Our sacrifice in stages.
The ominous yellow smoke.

Our sacrifice had one strange aspect about it: the yellow smoke. As we were standing around and warming our hands, we noticed a weird, yellow smoke forming at the bottom of our firepit. We still do not know what it meant; our bone burned well, our tail curved correctly, and our splanchna tasted the same as the other groups’. To my knowledge, nobody else ran into this phenomenon. It felt worth mentioning in this report even though it ended up being inconsequential to our experiment.

After 59 minutes of an open fire, it was put out with red wine. The smell was pleasant and the smoke was immense.

Roasting and Tasting Splanchna

The following is the comprehensive timeline of the cooking of the splanchna. Please refer to the life of the fire in the previous section.

15:14Splanchna is held over the fire.
15:18Liver is at 85°.
15:20Kidney is at 120°.
15:21Liver is at 110°.
15:22Heart is at 125° and is taken off the fire.
15:23Liver is at 120°; kidney is at 140° and is taken off the fire.
15:25Liver is at 140° and is taken off the fire.
Assembling the organs onto the spit.

All of the organ pieces were assembled for cooking on spits kebab-style. Every organ had a separate spit. We held all of our splanchna over the fire at the same time. The edible temperature for meat is considered to be 125° so we did not consider any of our organs cooked until the meat thermometer showed this measurement or above.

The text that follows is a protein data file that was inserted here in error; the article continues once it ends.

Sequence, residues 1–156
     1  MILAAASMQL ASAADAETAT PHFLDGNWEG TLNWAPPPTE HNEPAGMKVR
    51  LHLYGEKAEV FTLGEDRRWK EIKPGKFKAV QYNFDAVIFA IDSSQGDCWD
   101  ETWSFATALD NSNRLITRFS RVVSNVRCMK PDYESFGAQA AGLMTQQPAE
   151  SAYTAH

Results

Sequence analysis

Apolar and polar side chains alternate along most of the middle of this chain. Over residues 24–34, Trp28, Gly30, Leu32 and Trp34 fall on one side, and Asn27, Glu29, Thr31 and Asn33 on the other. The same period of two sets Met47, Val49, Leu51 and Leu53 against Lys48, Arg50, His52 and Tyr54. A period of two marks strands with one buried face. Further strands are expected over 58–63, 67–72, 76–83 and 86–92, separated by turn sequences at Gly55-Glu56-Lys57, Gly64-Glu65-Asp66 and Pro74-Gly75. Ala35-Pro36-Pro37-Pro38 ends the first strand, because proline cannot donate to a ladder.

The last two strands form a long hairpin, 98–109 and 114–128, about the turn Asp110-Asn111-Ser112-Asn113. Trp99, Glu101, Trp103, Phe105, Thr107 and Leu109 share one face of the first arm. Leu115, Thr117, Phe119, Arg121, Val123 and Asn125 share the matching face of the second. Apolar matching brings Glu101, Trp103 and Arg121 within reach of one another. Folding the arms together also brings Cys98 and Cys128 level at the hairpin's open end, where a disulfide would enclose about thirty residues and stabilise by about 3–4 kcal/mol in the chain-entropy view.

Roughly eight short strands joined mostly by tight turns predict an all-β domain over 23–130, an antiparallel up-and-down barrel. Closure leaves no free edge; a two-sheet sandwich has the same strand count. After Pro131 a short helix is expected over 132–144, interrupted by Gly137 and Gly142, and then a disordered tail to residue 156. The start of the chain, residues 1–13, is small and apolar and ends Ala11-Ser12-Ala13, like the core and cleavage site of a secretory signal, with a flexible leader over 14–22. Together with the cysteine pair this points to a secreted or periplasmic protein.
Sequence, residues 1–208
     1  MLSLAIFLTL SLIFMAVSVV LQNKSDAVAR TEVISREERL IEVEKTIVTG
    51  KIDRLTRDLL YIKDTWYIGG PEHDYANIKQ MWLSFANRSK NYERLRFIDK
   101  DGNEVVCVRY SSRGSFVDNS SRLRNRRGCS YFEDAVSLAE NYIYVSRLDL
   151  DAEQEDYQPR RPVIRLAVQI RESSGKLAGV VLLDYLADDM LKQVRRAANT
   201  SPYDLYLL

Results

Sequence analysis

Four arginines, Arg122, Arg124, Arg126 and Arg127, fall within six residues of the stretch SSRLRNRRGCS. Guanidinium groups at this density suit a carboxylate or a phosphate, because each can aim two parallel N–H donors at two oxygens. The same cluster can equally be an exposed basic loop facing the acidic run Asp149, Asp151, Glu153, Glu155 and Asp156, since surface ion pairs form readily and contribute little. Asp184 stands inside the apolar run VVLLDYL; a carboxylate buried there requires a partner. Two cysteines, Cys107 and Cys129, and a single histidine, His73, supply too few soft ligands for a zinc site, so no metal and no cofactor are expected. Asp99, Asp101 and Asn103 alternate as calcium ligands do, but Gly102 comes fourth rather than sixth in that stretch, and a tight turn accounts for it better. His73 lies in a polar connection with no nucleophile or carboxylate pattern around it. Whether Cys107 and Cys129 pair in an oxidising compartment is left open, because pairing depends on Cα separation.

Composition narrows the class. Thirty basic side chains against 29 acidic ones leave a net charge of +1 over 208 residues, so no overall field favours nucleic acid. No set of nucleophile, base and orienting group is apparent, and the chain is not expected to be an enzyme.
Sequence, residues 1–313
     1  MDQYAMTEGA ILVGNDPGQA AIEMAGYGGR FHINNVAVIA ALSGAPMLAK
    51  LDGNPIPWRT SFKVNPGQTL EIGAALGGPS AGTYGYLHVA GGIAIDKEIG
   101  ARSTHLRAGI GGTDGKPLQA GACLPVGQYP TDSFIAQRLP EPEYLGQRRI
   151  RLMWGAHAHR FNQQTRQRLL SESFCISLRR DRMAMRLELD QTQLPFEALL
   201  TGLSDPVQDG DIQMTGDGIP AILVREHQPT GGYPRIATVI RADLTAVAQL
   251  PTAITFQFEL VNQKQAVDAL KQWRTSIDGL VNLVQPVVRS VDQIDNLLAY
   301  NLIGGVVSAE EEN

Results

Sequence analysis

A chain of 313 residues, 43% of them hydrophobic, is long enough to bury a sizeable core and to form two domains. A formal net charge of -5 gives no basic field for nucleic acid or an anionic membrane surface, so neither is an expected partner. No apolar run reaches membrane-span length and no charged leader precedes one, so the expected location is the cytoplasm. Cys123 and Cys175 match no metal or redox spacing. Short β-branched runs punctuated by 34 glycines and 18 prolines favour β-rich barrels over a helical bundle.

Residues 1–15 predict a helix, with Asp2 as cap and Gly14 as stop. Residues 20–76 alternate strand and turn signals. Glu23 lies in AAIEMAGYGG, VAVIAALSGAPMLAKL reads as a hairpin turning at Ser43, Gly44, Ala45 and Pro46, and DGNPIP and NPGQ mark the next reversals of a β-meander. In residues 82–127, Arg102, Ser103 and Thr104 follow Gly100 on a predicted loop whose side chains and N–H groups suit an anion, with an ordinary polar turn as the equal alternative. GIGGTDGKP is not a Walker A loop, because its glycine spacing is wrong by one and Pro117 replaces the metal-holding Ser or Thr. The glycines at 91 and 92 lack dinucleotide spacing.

From left to right: kidney, liver and heart. About 4 minutes into cooking.

The heart cooked the fastest, taking only 8 minutes to reach optimal temperature, which defied our expectations. It was cut into thin slices to be shared among the class. The taste was deemed the most impressive out of the splanchna provided for the lab. My classmates reported that the heart resembled a tender rare steak in taste and a cooked mushroom in texture.

The kidney was the second longest to be ready, reaching optimal temperature in 9 minutes. The taste of kidney reminded my classmates of beans.

The liver cooked the slowest, taking 11 minutes to become edible, although it deceptively looked more appetizing than the rest of the organs after only 2 minutes over the fire. The liver was not liked by many students but, interestingly, those who liked it also said it tasted like beans, only refried.

Conclusion and Future Use

Marta: “Can people report to me, emotionally, how they are feeling?”

Chris: “I feel great!”

Marta: “Great? Do you feel seen?”

Ruby: “Invigorated…”

Marta: “Invigorated, that’s a good word!”

Chris: “Do we feel seen?”

Marta: “Seen by something bigger than yourself!”

Recorded via Voice Memos at the end of the lab.

I believe that, despite the rain and the wind, the experiment went beautifully. The ritual was accepted by our deities of choice, and the splanchna was delicious. The next morning we came back to check on the bones left in the campfire and deemed them perfect for future reexamination. The following images are the bones that will be buried in the arb for future archaeology classes with included scale references.